Have them select a genre for their work. If they choose realism, challenge them to research the science behind the scenes they're going to create. What physical processes are at work? Does their planet have huge storms, gigantic lightning bolts or other interesting features? (see Activity 3C for a list of interplanetary weather.) How can this be effectively shown? If they choose fiction or fantasy, challenge them to develop a coherent, detailed vision of a world. What is this place like? How does it resemble or differ from our own world? (Space artist Adolf Schaller conjured up "Hunters, Floaters and Sinkers," hypothetical life-forms which might exist in the clouds of Jupiter, and an entire ecosystem of hunters and prey: fantasy, sure, but based on substance. Encourage similar creative leaps.)


Materials
  • recorded music excerpts (examples: the classical music suite The Planets by Gustav Holst, Japanese composer Kitaro's film scores, works by Vangelis-Bladerunner, Chariots of Fire; the Music of Cosmos compilation soundtrack, or other music your students choose.)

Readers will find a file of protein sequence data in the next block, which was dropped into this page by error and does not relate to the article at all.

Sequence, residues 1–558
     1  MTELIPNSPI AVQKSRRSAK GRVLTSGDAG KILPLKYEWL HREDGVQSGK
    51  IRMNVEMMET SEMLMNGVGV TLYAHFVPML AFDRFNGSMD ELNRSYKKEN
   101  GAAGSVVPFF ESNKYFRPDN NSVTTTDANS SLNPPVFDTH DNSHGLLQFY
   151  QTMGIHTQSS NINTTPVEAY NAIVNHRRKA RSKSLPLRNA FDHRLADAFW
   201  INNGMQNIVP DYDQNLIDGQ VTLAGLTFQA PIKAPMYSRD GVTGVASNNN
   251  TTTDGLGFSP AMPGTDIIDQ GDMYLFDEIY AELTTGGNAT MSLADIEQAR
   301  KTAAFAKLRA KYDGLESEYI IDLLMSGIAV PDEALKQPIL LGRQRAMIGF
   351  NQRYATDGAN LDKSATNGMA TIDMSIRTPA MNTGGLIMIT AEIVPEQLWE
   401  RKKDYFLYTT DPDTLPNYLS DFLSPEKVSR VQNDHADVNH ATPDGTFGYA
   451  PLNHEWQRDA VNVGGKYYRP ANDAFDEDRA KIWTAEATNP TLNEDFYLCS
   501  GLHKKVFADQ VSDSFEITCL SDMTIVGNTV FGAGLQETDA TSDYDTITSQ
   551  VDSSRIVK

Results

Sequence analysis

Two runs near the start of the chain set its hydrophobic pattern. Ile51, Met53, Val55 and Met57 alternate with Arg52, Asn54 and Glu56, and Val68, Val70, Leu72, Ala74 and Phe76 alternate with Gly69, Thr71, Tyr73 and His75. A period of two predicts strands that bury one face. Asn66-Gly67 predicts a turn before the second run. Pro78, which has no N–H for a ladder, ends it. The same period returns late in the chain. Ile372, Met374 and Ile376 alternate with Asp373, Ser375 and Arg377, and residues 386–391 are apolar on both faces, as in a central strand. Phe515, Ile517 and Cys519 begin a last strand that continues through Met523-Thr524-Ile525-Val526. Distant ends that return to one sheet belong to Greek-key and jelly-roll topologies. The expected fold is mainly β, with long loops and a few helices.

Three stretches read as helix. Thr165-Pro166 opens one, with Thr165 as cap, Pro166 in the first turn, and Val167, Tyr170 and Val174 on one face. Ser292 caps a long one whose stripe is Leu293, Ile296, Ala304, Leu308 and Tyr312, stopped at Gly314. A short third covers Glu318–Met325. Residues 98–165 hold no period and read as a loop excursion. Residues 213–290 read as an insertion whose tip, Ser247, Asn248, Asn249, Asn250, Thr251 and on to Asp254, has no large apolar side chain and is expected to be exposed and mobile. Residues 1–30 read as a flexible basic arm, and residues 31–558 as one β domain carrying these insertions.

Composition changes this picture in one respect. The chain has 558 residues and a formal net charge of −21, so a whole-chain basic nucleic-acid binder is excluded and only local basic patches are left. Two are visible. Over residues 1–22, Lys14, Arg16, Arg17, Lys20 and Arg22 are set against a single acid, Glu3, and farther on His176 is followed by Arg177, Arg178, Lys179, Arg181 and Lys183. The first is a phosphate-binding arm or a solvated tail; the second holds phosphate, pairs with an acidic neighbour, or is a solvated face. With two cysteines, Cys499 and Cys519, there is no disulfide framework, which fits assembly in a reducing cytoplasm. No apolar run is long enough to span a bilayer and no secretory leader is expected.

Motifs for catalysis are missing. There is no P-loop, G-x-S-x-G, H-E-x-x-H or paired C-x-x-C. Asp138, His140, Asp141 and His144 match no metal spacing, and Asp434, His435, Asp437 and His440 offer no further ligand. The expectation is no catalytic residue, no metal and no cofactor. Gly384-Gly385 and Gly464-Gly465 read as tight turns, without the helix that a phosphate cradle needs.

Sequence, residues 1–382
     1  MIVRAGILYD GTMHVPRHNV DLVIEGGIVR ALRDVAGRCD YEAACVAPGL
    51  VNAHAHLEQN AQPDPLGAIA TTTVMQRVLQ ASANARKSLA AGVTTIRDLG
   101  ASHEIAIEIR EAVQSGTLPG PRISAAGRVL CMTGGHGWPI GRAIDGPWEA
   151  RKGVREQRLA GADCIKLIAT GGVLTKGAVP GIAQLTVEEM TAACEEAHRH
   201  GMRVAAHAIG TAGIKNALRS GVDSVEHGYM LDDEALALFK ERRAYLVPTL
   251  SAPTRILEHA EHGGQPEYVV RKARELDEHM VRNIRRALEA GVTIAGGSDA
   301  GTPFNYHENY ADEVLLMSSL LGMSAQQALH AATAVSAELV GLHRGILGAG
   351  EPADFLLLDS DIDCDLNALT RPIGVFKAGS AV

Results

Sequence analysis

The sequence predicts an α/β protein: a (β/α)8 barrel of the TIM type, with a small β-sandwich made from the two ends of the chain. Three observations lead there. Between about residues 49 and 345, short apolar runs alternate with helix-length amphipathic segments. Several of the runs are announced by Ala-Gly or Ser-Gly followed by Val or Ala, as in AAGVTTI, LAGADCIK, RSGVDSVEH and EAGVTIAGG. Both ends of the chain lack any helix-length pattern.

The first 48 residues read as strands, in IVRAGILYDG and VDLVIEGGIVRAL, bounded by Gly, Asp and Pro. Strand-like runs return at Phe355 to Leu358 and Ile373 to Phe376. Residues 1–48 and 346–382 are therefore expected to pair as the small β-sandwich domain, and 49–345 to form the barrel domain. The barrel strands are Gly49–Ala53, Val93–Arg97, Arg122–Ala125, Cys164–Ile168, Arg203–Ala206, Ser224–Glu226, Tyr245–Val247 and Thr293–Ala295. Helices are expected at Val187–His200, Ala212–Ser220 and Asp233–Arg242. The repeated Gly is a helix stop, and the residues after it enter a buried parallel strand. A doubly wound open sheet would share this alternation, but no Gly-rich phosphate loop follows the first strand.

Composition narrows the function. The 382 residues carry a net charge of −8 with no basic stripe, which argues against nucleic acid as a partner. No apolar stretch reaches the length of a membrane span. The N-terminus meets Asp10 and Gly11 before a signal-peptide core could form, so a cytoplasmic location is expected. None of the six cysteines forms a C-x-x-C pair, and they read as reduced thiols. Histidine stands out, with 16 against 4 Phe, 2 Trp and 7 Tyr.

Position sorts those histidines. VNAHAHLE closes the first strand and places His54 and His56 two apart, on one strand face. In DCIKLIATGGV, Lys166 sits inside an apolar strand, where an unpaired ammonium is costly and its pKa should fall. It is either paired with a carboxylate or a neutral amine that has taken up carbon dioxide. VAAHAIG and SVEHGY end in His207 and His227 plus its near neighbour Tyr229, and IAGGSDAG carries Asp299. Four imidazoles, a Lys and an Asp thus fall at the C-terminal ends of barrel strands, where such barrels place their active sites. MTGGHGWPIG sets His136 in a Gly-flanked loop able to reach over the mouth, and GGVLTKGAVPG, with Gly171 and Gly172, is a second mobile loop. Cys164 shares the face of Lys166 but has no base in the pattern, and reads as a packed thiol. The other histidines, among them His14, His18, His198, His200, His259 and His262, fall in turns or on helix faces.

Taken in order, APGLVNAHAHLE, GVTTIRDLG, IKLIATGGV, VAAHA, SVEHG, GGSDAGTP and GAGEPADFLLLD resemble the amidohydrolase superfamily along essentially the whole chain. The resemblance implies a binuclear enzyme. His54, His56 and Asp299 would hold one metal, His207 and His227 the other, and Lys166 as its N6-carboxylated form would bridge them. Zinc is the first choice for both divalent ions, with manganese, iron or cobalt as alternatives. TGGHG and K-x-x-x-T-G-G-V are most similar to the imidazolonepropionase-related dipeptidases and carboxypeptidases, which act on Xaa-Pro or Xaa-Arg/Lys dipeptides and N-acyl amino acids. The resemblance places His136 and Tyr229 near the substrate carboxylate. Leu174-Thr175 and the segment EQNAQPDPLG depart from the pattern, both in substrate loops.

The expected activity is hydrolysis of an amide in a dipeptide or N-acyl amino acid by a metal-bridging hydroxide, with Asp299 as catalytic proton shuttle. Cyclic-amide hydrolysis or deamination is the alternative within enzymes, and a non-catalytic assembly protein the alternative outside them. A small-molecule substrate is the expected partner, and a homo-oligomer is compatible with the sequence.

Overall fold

• pictures from books, magazines, computer archive or Internet, especially NASA public domain images
  • still camera, color slide film, slide projector
  • audio tape player
  • appropriate materials from art class
  • computer Draw and Paint programs, if available

Procedure Have the students form creative teams. Each team will create a presentation utilizing no more than 2 minutes of music, and no more than 24 slides. Ask each team to pick a planet, and search books, magazines, and Internet sites, for pictures of that planet and its satellites.

Show students how to make slides of these pictures and images by properly pointing and focusing the camera. Don't use flash. Do use a tripod! Suggest they photograph books and magazines outside, or near a daylit window in indirect light if they are using film that is marked for daylight use. Photograph images from a computer screen in a darkened room to reduce glare.